Perhaps the most confounding, and yet revealing, part of the Morehouse rules is the ban on women's dress. "No wearing of clothing associated with women's garb (dresses, tops, tunics, purses, pumps, etc.) on the Morehouse campus or at College-sponsored events," reads the policy. Placed conspicuously at the end of the dress code, and so fundamentally different from the prohibitions that precede it, one gets the sense that in the end, the dress code is really all about that one sentence.
A statement by Dr. William Bynum, Morehouse vice president for student services, seems to support the argument. "We are talking about five students who are living a gay lifestyle that is leading them to dress a way we do not expect in Morehouse men," he said.
On one hand, I can understand that a school like Morehouse has a legacy to protect and a brand name to maintain. After all, this is the alma mater of Martin Luther King Jr., Julian Bond, Maynard Jackson, Spike Lee, and others. The value of an institution's stock rises or falls on the quality of its graduates and the leaders it produces.
Dr. Franklin described part of the Morehouse mystique Soul of Morehouse and the Future of the Mystique – abridged.pdf as "a fundamental sense of discontent with mediocrity and nonsense." In April 2009, he also told his students that "Morehouse men must be so sensitive to the presence of disorder, mediocrity and injustice that they cannot sleep well at night until they tip the scale toward justice. Unto whom much is given, much is required."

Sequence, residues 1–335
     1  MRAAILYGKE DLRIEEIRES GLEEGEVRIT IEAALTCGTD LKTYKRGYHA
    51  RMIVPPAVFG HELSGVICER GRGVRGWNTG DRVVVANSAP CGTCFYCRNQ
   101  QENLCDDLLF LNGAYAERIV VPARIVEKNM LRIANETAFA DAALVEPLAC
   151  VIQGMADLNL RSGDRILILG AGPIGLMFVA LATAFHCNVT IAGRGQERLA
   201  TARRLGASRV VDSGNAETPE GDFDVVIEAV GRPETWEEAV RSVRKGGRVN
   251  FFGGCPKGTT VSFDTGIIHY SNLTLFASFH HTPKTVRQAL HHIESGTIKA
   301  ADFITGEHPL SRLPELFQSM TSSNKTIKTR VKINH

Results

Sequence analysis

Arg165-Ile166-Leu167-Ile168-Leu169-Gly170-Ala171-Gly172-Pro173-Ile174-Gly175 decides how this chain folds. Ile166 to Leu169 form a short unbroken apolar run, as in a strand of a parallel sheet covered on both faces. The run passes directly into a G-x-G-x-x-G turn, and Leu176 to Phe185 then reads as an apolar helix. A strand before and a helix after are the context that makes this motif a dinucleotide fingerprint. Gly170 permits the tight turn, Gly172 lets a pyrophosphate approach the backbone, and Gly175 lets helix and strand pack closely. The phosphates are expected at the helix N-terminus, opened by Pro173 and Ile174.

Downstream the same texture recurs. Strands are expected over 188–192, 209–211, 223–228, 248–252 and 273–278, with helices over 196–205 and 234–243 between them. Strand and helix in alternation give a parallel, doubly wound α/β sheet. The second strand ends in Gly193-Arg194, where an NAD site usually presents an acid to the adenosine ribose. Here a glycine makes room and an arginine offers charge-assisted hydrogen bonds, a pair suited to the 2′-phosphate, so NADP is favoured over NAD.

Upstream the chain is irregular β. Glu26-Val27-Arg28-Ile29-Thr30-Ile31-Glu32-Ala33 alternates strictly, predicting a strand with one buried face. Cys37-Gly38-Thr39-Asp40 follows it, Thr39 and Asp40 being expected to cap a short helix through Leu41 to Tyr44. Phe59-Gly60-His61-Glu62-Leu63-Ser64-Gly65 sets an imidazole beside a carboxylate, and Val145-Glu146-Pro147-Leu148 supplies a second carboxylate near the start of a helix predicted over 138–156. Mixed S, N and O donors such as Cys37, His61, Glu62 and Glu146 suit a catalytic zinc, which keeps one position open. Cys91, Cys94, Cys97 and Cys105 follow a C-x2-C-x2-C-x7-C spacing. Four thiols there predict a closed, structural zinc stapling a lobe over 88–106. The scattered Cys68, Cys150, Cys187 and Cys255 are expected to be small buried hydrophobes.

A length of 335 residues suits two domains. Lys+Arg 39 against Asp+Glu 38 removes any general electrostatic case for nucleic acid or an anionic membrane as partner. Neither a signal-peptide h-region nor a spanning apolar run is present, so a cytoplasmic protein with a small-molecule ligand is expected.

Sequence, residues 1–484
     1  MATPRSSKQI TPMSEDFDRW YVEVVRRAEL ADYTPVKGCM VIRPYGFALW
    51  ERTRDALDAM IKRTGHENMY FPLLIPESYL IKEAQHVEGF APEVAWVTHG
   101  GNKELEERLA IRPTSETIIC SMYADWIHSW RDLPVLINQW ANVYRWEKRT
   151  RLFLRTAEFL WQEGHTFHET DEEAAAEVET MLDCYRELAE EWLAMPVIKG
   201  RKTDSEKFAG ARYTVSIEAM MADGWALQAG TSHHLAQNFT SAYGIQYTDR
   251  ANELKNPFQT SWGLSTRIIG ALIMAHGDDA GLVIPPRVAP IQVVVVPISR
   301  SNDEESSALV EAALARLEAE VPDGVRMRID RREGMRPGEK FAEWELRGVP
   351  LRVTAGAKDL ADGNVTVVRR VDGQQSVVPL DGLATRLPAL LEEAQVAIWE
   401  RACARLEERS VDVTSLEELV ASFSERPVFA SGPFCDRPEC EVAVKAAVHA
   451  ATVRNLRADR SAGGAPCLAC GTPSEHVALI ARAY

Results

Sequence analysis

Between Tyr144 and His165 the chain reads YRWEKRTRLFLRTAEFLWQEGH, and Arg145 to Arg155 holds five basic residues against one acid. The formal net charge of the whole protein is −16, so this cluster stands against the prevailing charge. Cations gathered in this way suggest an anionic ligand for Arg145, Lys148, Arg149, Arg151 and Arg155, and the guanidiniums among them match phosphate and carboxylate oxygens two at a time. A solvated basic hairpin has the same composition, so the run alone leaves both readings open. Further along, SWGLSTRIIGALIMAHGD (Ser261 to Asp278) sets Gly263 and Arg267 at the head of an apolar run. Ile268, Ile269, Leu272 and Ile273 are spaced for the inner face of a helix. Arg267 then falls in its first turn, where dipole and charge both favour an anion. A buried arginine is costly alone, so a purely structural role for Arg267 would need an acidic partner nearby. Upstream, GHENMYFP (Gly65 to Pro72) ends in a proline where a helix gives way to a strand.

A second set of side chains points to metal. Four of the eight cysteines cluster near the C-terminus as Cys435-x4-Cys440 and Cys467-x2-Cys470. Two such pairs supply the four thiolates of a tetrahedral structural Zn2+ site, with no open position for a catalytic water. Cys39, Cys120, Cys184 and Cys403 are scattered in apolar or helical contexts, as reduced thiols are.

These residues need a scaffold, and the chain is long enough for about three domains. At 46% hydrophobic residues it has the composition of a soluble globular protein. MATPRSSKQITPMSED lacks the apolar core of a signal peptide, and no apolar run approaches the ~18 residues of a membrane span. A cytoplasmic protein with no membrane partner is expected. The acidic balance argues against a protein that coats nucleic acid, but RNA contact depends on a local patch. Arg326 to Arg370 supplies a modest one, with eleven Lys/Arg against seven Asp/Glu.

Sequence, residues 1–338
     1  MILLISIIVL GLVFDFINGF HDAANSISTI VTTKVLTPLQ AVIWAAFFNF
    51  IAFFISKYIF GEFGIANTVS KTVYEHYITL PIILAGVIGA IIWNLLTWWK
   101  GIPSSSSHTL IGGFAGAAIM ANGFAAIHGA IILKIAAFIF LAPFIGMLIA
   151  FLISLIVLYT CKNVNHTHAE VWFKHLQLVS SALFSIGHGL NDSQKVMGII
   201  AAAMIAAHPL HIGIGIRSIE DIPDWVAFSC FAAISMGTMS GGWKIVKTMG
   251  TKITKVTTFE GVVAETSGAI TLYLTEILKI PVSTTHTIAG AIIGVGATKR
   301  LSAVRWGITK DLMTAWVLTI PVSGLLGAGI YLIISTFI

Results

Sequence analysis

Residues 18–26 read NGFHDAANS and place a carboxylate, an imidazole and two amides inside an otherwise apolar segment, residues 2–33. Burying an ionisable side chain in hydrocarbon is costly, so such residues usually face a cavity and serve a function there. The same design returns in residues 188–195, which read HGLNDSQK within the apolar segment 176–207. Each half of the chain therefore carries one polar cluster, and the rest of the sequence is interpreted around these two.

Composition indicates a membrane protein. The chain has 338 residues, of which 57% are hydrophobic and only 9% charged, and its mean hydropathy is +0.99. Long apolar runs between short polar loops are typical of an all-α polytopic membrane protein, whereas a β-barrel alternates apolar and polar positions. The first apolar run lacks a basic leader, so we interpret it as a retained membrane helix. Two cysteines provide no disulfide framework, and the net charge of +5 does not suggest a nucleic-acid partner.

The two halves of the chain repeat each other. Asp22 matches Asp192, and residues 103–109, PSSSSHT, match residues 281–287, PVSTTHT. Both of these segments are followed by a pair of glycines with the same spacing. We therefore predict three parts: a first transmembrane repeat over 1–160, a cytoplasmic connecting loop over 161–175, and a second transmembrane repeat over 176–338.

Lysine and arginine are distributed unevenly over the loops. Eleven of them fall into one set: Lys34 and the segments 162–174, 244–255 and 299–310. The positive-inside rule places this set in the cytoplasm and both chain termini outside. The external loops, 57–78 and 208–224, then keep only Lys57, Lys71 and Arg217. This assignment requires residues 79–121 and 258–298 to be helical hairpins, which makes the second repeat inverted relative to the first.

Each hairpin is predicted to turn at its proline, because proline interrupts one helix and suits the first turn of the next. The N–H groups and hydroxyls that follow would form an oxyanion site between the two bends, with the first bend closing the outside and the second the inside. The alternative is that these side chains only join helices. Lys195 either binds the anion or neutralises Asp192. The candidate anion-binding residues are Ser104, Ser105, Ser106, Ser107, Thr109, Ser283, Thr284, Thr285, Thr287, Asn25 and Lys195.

AC360° Associate Producer
Tonight we’re taking a close look at the state of women in America right now. A new study launched by Time and A Woman’s Nation (Maria Shriver’s organization) measures how much has changed for the modern American woman. By the end of the year, the majority of workers in the U.S. will be women – according to the report.
Anderson will talk to a panel of dynamic women who will focus on topics such as gender equality, relationships, parenting, economic gains and women in the workplace. Is the battle of the sexes over? And is marriage more important to men than to women? Twenty-three percent of women believe that men still have it better in life than women do; 12 percent of men strongly agree. What do you think?
We’re also following the latest out of Afghanistan today. The U.N.-backed commission charged with investigating fraud in Afghanistan's recent presidential election Monday invalidated ballots from more than 200 polling stations.However, it is still unclear if a presidential run-off will take place.